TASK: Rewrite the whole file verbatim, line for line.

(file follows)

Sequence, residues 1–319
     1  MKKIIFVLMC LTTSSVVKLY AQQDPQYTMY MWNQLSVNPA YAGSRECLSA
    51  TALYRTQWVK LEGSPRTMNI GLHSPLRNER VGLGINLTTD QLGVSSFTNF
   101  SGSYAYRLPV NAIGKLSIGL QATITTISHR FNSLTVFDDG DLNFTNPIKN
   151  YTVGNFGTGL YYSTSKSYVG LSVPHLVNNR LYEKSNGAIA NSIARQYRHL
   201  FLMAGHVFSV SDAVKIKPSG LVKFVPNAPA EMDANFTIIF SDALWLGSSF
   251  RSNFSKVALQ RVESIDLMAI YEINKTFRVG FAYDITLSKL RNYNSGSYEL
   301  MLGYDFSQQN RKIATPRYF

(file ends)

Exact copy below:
Sequence, residues 1–319
     1  MKKIIFVLMC LTTSSVVKLY AQQDPQYTMY MWNQLSVNPA YAGSRECLSA
    51  TALYRTQWVK LEGSPRTMNI GLHSPLRNER VGLGINLTTD QLGVSSFTNF
   101  SGSYAYRLPV NAIGKLSIGL QATITTISHR FNSLTVFDDG DLNFTNPIKN
   151  YTVGNFGTGL YYSTSKSYVG LSVPHLVNNR LYEKSNGAIA NSIARQYRHL
   201  FLMAGHVFSV SDAVKIKPSG LVKFVPNAPA EMDANFTIIF SDALWLGSSF
   251  RSNFSKVALQ RVESIDLMAI YEINKTFRVG FAYDITLSKL RNYNSGSYEL
   301  MLGYDFSQQN RKIATPRYF